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Figure 3: Bone marrow aspiration showing normoblastic erythroid hyperplasia

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Antitubercular treatment (ATT) with four-drug regimen (rifampicin, isoniazid, ethambutol, and pyrazinamide) with corticosteroid was added to the treatment according to weight and ATT was continued for 12 months. The patient started getting improvement on ATT; cold abscess was healed [Figure 1]b. He was alright after completion of ATT and further follow-up of 15 months.

  Discussion Top

According to the World Health Organization Global TB Report published in 2017, India remains to have the highest number of TB cases throughout the world. It is estimated to have 10.4 million new TB cases worldwide in 2016, in those India remains to have the highest number of TB cases throughout the world with 27.9 lakh cases. Moreover, up to 4.23 lakh mortalities were estimated during the same year.[7] In spite of many major advances in awareness, treatment, and control program of the disease, there is consistent high burden in developing countries. Sometimes, it may be an uncommon presentation of disease which becomes a diagnostic dilemma so delays in early diagnosis.[2],[6] Disseminated TB is rare, especially in the immunocompetent host. It is caused by lymphohematogenous spread of massive numbers of tubercle bacilli during both primary and postprimary TB involving two or more organs.[8],[9] Miliary TB is potentially fatal and occurs most commonly in infants, malnourished patients, and immunosuppressed patients. This may be because of host immunity.[9] Dissemination of TB may involve any body organ, but commonly affected organs are lungs, liver, and spleen (80%–100%), followed by kidneys (60%) and bone marrow (25%–75%).[9],[10] Bones and joints were also reported the second most frequently involved organ after lungs.[9] Hence, significant improvement or good outcomes in cases of disseminated TB are associated with early initiation of ATT.[6],[8] There was only a case of disseminated TB involving lung, liver, spleen, and vertebra with sparing of bone marrow in an infant.[7] To the best of our knowledge, there have been no cases of pulmonary TB of immunocompetent adult with the involvement of lung, brain, liver, spleen, vertebra, skin, left cervical lymph nodes, bone marrow, and heart. Cutaneous TB can have various presentations.[11] Tuberculous abscesses are nontender and fluctuant subcutaneous nodules accounting with acute miliary TB but infrequently associated with immunocompetent patients. These lesions are frequently reported on the extremities but may occur at any skin site as in our case cold abscess was developed in interscapular regions which was a presentation of unusual site.[12] Literature has been shown the various atypical features associated with TB such as haematological abnormalities such as anemia of different types, pancytopenia, leukoerythroblastic anemia, leukemoid reaction, rarely dissemination intravascular coagulation (disseminated intravascular coagulation), and myelofibrosis.[13] Some study considered that pancytopenia is found only in patients with disseminated/miliary TB and the factors contributing pancytopenia are hypersplenism, histiocytic hyperplasia, maturation arrest, or infiltration of the bone marrow by caseating or noncaseating granulomas causing reversible or irreversible fibrosis.[14] Despite negative workup for immunosuppression in this case, dissemination of TB was a considerable seriousness.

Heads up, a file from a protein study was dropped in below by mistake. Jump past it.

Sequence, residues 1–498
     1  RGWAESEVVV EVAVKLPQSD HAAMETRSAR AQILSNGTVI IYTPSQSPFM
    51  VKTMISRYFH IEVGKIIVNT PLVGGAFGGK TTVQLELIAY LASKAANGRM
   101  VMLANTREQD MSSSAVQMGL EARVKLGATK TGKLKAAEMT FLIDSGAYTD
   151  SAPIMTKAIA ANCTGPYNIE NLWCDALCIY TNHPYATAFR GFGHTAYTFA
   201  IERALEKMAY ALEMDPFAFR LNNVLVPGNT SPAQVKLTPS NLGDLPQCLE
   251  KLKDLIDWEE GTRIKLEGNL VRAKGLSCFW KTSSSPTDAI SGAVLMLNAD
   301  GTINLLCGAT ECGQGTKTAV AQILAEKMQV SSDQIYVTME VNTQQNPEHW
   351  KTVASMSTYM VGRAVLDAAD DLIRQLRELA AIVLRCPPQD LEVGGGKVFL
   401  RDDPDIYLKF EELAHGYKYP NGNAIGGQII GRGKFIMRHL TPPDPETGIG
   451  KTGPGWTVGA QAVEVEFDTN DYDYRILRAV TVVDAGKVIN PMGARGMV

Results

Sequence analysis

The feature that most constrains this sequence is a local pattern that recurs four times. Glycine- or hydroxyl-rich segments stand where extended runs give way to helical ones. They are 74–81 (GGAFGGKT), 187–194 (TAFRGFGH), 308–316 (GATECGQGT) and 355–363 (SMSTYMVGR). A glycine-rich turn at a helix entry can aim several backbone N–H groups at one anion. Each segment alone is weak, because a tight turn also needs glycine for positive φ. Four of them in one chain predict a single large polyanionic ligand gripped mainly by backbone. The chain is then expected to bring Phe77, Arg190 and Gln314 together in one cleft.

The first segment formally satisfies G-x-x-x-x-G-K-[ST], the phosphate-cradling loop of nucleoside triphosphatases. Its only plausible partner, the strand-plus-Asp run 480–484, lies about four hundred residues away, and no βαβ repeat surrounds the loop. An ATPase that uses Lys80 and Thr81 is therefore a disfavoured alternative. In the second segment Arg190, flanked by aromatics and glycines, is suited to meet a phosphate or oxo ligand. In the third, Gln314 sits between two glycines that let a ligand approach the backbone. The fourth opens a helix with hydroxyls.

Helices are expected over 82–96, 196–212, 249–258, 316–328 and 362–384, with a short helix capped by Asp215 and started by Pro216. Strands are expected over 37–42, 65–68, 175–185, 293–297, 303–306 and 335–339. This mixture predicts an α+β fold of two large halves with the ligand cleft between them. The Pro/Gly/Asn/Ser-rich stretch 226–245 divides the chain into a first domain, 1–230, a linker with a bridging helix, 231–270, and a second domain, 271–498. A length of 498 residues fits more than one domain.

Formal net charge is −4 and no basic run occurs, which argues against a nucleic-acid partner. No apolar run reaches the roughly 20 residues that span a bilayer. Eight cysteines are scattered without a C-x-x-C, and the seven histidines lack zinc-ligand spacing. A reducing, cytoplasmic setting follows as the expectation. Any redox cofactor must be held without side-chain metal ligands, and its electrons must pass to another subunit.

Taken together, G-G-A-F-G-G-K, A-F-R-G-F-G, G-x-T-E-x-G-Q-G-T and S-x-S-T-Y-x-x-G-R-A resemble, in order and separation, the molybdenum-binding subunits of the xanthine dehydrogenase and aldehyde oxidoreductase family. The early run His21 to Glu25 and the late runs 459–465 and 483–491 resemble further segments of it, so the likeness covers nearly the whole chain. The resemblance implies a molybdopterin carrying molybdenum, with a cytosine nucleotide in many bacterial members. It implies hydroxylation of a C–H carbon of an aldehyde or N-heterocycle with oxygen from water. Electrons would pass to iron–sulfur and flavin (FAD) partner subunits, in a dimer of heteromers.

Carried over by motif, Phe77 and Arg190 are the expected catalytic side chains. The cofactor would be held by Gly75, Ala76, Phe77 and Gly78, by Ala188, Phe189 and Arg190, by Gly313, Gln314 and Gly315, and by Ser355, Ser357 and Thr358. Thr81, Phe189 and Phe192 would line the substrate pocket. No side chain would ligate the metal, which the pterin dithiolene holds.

Conclusion Top

The present report draws attention to the importance of the uncommon presentation of pulmonary TB with the involvement of multiple organs of a commonly encountered condition of developing country, but timely diagnosis and rapid initiation of treatment result favorable outcomes.

Declaration of patient consent

The authors certify that they have obtained all appropriate patient consent forms. In the form, the patient has given his consent for his images and other clinical information to be reported in the journal. The patient understand that name and initials will not be published and due efforts will be made to conceal identity, but anonymity cannot be guaranteed.

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Conflicts of interest

There are no conflicts of interest.

  References Top

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  [Figure 1], [Figure 2], [Figure 3]